Effect of Diuretics on Salivary Flow, Composition and Oral Health Status: A Clinico‑biochemical Study

  • B Prasanthi
  • N Kannan
  • RR Patil
Keywords: Buffering capacity, Diuretics, pH, Saliva, Salivary flow


Background: Saliva represents an increasingly useful tool of diagnosis. Several factors such as salivary flow rates (SFRs) (unstimulated and stimulated) (U and S), pH, buffering capacity and consistency can be altered due to several disease processes or medications prescribed for various diseases. Alterations of SFRs, pH, buffering capacity and various ion concentrations can influence the pathogenesis of some of the oral diseases. Aim: Evaluation of the effect of diuretics on oral health status with regard to SFRs (U and S), pH, buffering capacity, total protein content, various ion concentrations and oral mucosal lesions. Subjects and Methods: A total of 100 patients were categorized into test group and control group based on usage of diuretics. Unstimulated and stimulated saliva were collected and evaluated for flow rates. Salivary pH was measured using pH meter. Buffering capacity was measured using Aranha’s technique. Salivary Na+, K+ and Cl− concentrations were measured using electrolyte analyzer CORNLEY ACCULYTE‑3P in ion‑selective electrode method. Salivary total protein content was measured by spectrophotometric method. Dental Caries and periodontal status were measured by using decayed, missing, filled teeth index and Russell’s periodontal index respectively. Oral mucosal examination was carried out to identify the mucosal lesions. Results: The obtained results were subjected to statistical analysis using Statistical package for social sciences software (SPSS), version 16, IBM Company by Chi‑square test and unpaired t‑test. Highly significant P for alterations of SFR/U (P < 0.001), SFR/S (P < 0.001), pH (P < 0.001), Na+ concentration (P < 0.001), buffering capacity (P < 0.001) and moderate significance for Cl− concentration (P < 0.01) were found. Alterations of total protein (P = 0.14) and K+ (P = 0.65) concentrations were not statistically significant. High prevalence was found for caries (P < 0.01), periodontal status (P < 0.001) and mucosal lesions (P < 0.01). Conclusion: Our study shows that diuretic medication significantly reduces SFRs (xerostomia) and alters salivary composition which may have an impact on the incidence of dental caries, periodontal diseases and mucosal lesion formation.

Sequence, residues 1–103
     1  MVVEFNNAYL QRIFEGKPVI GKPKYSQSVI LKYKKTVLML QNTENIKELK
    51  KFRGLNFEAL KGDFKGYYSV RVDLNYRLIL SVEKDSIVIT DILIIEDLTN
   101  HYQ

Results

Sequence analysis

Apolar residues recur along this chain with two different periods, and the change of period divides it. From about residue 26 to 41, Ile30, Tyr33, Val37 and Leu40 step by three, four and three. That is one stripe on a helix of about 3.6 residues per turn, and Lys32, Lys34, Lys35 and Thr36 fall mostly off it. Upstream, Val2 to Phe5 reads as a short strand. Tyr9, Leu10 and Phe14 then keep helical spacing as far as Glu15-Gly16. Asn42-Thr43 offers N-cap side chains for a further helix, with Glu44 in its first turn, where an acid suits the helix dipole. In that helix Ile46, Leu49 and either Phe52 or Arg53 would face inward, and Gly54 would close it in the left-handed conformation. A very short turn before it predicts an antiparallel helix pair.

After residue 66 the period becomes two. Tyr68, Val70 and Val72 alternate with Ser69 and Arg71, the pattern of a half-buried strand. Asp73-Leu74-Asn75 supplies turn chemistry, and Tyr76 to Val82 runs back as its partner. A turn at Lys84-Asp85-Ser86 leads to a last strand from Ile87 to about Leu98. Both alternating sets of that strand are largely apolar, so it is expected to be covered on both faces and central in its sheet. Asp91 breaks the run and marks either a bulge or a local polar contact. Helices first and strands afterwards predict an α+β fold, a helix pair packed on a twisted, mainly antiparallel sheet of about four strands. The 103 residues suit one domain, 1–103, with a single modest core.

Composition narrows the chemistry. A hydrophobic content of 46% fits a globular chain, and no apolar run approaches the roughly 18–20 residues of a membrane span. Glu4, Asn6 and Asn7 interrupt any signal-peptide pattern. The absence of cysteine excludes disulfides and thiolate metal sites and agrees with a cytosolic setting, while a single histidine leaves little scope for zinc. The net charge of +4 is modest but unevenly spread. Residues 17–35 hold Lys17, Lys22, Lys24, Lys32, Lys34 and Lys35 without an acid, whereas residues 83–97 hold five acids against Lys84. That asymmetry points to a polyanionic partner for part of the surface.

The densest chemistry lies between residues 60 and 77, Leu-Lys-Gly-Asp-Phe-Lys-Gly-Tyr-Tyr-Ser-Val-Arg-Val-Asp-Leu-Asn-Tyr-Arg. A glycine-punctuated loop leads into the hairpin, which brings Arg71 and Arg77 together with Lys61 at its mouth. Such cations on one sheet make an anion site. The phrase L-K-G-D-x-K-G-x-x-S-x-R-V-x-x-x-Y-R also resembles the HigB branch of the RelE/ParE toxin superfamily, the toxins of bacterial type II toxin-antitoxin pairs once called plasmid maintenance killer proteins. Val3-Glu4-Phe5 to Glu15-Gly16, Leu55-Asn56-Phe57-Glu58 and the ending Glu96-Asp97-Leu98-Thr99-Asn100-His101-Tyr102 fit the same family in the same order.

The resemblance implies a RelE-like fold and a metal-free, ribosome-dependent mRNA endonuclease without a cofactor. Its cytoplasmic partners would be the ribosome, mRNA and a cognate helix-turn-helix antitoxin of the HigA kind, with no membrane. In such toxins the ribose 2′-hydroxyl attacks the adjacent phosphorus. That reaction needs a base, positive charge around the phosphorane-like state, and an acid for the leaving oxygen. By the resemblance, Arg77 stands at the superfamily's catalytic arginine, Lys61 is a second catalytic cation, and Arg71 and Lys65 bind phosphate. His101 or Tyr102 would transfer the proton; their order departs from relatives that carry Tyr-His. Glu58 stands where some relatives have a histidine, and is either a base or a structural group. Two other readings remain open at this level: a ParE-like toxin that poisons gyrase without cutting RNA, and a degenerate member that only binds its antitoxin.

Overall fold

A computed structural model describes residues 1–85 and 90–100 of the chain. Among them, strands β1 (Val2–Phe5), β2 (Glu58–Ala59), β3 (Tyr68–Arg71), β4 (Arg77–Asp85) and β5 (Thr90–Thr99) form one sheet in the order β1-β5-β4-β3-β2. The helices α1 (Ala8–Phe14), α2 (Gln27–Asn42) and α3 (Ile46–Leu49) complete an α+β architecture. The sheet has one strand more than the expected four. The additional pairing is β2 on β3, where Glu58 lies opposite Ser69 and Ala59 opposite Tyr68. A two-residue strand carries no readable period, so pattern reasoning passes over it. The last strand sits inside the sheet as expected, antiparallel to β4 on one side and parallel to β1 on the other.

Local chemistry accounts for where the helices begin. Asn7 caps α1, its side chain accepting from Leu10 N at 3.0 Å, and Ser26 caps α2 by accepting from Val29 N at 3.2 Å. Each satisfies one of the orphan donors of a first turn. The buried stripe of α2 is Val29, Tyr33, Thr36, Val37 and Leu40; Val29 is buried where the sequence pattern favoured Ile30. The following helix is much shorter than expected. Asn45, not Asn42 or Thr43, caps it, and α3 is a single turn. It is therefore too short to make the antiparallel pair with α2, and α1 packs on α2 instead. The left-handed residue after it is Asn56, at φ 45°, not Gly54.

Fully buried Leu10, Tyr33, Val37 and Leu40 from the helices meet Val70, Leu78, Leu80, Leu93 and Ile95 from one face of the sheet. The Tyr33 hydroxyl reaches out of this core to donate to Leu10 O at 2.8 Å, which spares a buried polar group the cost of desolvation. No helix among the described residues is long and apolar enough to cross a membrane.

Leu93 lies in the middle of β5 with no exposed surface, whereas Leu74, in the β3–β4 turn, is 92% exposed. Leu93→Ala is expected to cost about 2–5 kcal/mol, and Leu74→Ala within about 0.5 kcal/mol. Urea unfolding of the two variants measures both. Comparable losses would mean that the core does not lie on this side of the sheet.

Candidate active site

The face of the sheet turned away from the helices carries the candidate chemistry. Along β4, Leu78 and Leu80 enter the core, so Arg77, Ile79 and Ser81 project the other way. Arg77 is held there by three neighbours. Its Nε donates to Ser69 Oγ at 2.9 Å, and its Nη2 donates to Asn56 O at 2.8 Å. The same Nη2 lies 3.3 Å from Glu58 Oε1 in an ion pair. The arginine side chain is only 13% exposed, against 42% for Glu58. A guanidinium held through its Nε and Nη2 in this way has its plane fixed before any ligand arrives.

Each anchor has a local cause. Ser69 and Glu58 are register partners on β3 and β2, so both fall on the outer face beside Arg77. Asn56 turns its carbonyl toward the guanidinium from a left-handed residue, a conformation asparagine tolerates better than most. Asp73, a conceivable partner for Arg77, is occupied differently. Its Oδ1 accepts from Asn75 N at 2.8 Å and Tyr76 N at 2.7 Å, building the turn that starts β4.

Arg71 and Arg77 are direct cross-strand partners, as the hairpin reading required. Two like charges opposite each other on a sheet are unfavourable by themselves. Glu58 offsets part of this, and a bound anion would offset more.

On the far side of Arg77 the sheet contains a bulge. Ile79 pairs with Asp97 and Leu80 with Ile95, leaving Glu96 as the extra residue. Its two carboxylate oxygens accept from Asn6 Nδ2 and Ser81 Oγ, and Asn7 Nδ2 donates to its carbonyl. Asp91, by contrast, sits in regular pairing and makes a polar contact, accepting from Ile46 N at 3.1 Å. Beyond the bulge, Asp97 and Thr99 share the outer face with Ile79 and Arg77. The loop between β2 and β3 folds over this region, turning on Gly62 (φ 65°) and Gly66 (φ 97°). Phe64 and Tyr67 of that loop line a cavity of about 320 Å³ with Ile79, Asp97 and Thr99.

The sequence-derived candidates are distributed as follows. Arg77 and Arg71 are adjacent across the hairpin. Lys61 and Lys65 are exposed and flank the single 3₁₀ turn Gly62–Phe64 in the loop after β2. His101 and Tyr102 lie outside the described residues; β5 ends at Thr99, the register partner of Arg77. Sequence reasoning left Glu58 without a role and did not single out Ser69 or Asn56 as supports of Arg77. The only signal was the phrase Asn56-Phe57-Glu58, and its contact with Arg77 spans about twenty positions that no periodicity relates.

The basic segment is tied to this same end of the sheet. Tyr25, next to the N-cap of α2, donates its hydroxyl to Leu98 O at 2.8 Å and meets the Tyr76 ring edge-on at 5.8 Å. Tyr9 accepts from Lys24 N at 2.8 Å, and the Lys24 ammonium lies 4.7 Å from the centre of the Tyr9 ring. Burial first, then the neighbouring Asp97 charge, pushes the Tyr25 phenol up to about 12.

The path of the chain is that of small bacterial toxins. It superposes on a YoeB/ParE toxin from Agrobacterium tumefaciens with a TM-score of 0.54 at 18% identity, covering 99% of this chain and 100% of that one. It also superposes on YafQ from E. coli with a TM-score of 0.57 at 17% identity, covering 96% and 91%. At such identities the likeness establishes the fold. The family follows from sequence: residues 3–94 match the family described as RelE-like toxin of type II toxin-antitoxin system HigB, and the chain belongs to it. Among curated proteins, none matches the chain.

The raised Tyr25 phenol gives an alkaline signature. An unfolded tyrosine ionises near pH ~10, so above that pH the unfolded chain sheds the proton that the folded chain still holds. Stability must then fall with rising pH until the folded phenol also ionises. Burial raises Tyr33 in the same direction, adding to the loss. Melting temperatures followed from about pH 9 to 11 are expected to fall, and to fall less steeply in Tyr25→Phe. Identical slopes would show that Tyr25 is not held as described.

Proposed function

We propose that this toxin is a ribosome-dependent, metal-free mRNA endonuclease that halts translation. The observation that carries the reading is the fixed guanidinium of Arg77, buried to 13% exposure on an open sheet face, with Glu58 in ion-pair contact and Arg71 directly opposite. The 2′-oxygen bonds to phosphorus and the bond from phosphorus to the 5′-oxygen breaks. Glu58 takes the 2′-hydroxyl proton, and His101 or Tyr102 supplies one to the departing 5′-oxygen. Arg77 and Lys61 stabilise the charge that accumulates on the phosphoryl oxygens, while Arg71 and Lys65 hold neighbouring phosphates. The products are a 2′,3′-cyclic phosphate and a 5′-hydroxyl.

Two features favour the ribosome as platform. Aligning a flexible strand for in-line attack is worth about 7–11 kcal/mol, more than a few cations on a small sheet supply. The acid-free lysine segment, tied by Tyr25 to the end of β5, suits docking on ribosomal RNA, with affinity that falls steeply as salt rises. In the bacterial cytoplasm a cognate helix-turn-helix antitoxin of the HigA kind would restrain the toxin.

Keywords: Buffering capacity, Diuretics, pH, Saliva, Salivary flow

Journal Identifiers

print ISSN: 2141-9248